• Yes, Judy is telling me they should stay where they are. Yes, I will have to wait to prune the tree. It’s just that I see all these suckers and I want to remove them NOW. I’m sure you are right about cutting back the lilies. I generally leave them alone except when I remember to cut off the seed heads.

  5. If it’s any consolation I think they look fabulous there. I’ve been fortunate in only having previous occupants to blame for dumb planting. My own mistakes have either died on me, or been succesfully relocated!

  6. Those colors are fantastic, you shouldn’t move them. Maybe if you limb up the tree a little bit, it might look a little bit better. Just an thought…

  7. They certainly look happy there! I can’t resist cutting my lilies for the house so Ivan see them all the time. Love the ADHD funny. I was just crying last night about my dumb mistakes and now you’ve made it into a funny. Thanks

  8. LOL, I love this new meaning of ADHD. I have a lot of “what was I thinking??” vignettes in the garden. Some I have tried to fix by moving a few things around, but the problems are more fundamental than that. One of the things I find most exciting about my plans for an addition on the front of my house is that it gives me an excuse to scrap almost all of the existing plantings in the front and start over with a clean slate and much more knowledge.

  9. I am not sure what to say other than lilies under a tree is not a bad idea. Maybe when the tree get taller? Pruning happens on crabapple before the lilies break ground in late winter.

    • Yes, I know I should prune the crab in late winter but when I see suckers or other things that need removing I get an itch and get frustrated if I can’t do it right away.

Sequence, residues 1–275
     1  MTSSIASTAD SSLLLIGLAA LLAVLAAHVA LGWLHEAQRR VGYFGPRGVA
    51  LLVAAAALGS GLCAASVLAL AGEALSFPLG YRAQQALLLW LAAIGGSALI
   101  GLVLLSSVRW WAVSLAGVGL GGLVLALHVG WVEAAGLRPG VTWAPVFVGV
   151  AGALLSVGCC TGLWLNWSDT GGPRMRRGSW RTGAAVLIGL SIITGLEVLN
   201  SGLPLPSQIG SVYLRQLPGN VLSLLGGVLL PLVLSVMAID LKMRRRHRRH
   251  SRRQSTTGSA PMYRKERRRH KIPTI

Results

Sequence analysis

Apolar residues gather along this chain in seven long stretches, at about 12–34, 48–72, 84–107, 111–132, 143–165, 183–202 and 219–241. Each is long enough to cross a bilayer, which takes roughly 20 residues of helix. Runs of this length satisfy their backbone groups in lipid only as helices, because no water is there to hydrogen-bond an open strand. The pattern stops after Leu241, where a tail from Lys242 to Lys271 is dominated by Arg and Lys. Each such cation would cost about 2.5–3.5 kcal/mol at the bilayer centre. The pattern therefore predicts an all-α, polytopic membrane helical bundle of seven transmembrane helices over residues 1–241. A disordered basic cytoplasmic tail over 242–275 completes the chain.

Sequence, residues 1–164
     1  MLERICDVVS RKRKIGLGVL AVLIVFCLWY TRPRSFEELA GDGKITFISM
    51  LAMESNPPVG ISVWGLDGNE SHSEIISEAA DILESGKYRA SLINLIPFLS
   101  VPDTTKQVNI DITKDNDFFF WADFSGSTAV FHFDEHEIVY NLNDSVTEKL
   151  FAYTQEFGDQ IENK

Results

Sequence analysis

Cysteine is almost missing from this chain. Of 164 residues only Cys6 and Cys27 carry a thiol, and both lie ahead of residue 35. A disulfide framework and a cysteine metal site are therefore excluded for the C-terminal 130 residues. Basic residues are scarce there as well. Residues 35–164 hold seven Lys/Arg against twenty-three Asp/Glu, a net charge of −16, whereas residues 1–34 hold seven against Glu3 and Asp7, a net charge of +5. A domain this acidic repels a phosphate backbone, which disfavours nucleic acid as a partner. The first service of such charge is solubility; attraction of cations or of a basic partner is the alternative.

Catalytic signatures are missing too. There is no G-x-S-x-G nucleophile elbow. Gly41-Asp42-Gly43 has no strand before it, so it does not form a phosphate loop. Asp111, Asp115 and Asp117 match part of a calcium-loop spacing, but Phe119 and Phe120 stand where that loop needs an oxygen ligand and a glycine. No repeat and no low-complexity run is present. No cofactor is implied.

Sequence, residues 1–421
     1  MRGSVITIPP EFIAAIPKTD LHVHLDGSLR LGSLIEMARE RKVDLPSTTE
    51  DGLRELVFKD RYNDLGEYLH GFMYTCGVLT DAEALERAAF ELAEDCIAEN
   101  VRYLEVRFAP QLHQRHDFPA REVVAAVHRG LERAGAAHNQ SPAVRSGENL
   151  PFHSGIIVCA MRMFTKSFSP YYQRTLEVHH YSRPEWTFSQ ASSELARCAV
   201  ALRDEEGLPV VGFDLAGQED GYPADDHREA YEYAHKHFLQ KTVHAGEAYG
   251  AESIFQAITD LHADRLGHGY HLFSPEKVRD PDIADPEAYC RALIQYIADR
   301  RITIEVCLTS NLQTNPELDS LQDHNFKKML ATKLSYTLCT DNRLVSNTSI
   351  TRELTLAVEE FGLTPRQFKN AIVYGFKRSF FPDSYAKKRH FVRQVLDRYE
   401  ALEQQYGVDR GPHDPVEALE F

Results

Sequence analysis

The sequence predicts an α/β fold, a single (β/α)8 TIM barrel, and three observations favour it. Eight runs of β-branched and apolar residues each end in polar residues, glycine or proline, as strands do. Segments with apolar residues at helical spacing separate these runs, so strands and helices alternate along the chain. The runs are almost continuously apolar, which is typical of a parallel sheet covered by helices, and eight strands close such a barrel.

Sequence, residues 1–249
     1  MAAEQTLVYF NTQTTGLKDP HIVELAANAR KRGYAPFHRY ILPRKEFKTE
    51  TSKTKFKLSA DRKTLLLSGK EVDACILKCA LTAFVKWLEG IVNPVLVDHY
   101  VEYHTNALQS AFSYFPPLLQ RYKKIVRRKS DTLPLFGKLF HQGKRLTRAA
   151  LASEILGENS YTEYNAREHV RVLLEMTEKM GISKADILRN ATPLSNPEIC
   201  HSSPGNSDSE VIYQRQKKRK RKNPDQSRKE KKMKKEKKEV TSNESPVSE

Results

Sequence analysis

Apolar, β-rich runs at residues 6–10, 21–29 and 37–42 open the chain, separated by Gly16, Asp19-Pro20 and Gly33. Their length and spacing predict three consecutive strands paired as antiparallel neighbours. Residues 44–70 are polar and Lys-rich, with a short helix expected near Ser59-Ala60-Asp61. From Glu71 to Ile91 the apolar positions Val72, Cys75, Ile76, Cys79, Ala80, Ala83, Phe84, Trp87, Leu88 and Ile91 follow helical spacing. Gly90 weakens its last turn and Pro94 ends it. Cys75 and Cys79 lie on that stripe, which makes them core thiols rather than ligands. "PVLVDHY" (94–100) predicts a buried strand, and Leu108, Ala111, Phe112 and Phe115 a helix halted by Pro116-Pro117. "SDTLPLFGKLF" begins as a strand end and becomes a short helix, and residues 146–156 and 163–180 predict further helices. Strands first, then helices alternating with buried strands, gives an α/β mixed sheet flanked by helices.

10. They are so beautiful…

    And in answer to your question…yes, the gigantic cat nip that is taking over the bed…every plant in there is put in back to front…sigh. I see a lot of transplanting next spring.

    Jen

  11. Judy would never approve of my methods of dealing with problem placement, which are the same as yours- I move the problem. Maybe as Donna suggests- prune early, before the lilies break ground.

  12. I think they look fine there, too, but if they’re really bugging you, rip up more grass and move them to a new bed. Judy will survive. 🙂

    • Honestly … there’s hardly any grass left to rip up. Unless I start seizing parts of the neighbor’s lawn. Hmmm …

  13. Oh Man, this past winter/spring I spent so much time moving stuff around that had been planted in the wrong place. Sometimes you just have to. I still have things to move and changes to make. The lilies are beautiful, especially that orange one. Won’t the crabapple eventually get much taller? Then they will look ok, and won’t interfere with the lower branches.

    • This crab is supposed to get up to 20′ and I’m guessing it’s about 15′ right now. Yes, I think limbing up is probably a good idea.

  14. Thank goodness I can pin my problem areas on ADHD! What is the recommended medication? (Please say red wine.)